West Ham will pay £2.5million per year to occupy the Olympic Stadium, but their landlords will provide the goalposts.
The London Legacy Development Corporation (LLDC), the publicly-funded authority which owns the stadium, on Thursday published its full deal with West Ham, who will take up their 99-year tenancy in August.
And the deal shows the LLDC must meet running costs for the likes of: utilities; the pitch preparations, including undersoil heating and floodlights; goalposts, goalnets, and corner flags; the ‘dugouts’ for managers, substitutes and the fourth official; changing rooms; and security, cleaning and pest control.
An Information Tribunal on Monday rejected LLDC’s appeal against a London Assembly ruling that the contract between it and the Premier League club should be made public.
LLDC, which is responsible for transforming venues used for the London 2012 Olympic and Paralympic Games, declined to take up the option to appeal and the contract was published in full on Thursday after a redacted version was made available last October.
An LLDC spokesperson said: “We are disappointed by the tribunal’s decision.
“Our motivation in bringing this case has been to protect millions of pounds of taxpayers’ money.
“The stadium needs to be a profitable and successful commercial operation otherwise it will rely on public subsidy.
“We were concerned that the publication of this contract and the precedent it may set for future agreements could make it harder to do this.
“However, we have decided not to seek leave to appeal, and have today made the contract available on our website.”
The Olympic Stadium is a multi-purpose facility and LLDC’s objection to the publication of the contract was based around securing future business for the venue on the 340 days a year when West Ham are not using it. That would include hosting music concerts, for example.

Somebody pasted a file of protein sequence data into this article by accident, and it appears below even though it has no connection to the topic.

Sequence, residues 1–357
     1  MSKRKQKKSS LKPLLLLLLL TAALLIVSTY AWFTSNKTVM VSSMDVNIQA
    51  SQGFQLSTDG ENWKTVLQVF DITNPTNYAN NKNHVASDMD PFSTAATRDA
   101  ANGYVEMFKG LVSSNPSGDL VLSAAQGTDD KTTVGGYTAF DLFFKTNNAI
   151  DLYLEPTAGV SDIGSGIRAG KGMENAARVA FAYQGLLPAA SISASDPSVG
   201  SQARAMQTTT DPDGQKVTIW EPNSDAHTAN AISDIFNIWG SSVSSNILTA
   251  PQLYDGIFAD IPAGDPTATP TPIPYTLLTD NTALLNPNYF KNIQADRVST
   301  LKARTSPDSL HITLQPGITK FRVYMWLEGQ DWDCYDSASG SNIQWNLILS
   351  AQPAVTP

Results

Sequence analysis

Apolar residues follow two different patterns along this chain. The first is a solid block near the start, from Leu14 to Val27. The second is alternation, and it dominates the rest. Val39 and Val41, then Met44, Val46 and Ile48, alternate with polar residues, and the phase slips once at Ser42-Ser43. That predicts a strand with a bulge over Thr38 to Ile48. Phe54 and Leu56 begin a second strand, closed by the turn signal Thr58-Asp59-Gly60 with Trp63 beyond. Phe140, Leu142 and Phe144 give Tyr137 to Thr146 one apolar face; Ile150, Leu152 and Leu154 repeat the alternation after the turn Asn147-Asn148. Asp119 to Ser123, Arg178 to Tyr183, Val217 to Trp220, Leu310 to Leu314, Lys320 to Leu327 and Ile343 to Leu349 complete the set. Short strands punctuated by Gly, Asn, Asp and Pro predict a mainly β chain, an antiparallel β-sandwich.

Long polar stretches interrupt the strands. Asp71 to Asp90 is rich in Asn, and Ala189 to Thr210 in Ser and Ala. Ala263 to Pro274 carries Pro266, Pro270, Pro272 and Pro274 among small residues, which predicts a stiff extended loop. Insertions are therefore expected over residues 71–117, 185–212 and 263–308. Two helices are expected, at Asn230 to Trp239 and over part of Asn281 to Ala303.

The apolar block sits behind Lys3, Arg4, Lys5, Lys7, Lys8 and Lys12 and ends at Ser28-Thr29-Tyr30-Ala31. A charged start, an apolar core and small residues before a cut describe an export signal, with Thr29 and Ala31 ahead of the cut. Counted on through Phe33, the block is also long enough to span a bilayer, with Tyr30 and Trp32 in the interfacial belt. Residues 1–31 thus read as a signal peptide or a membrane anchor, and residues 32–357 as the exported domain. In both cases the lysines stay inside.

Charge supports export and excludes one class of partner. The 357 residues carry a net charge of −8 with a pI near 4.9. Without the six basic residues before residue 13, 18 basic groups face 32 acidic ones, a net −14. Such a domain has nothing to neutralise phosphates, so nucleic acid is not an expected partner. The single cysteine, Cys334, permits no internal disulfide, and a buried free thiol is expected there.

The stadium is also to host the 2017 IAAF and IPC Athletics World Championships and there is a 50-year agreement for British Athletics to use the venue each July.
West Ham won the bid to be lead tenants of the 60,000-seat arena ahead of Tottenham and Leyton Orient.
The transformation of the venue from its Olympic and Paralympic condition cost £272m, with West Ham contributing £15m.
The Hammers will pay an annual rent of £2.5m for 25 matches – or £1.25m if they fall out of the top flight – with a £100,000 fee for any additional match.
Performance-related payments are in place for positions from 10th (£25,000) to first in the Premier League. Finishing from first to fifth would result in a payment of £100,000.
The Hammers, who are the sole beneficiaries of ticket sales, are currently sixth in the Premier League.
A payment of £250,000 is required for qualifying for the Champions League group stages – and £1m for winning the European Cup.
Winning the FA Cup or Europa League would cost £100,000; qualifying for the Europa League also costs £100,000.
The contract also showed the first £4m of any naming rights for the stadium would go to LLDC, with any figure above that split 50-50 between LLDC and West Ham.
Revenue from catering and stadium tours would also go to LLDC.
The Hammers are due to move into the arena in time for the start of the 2016/17 Premier League season.
In a statement on their website, West Ham made it clear they had no objection to the contract being made public.
“This publication does not affect West Ham United or our move to the former Olympic Stadium in any way,” the club statement said.
“From our perspective, we welcome the publication of the concession agreement as it proves that, as we have always maintained, the club has nothing to hide.
“We firmly believe it is a great deal for both West Ham United and also the taxpayer.”
West Ham hope their on-pitch performances this season show additional future revenue can be generated.
The club statement added: “While someone renting the stadium for 25 days a year cannot be responsible for 365 days’ running costs, going by our performances this season, we hope to deliver additional revenue to the stadium via extended cup runs and big European nights.
“This will secure the international exposure and additional usage and revenue that may now be more challenging for the stadium owners to find elsewhere as a result of this ruling.”
Olympic Stadium Coalition, a coalition of 14 supporters’ trusts and groups, had been campaigning for the contract to be published.
It said it would take time to digest the 207-page report.
It added on its website: “We would first like to thank the LLDC for finally seeing commonsense and publishing what appears to be the full agreement.
“This is the right decision for the taxpayer, and the right decision for football.”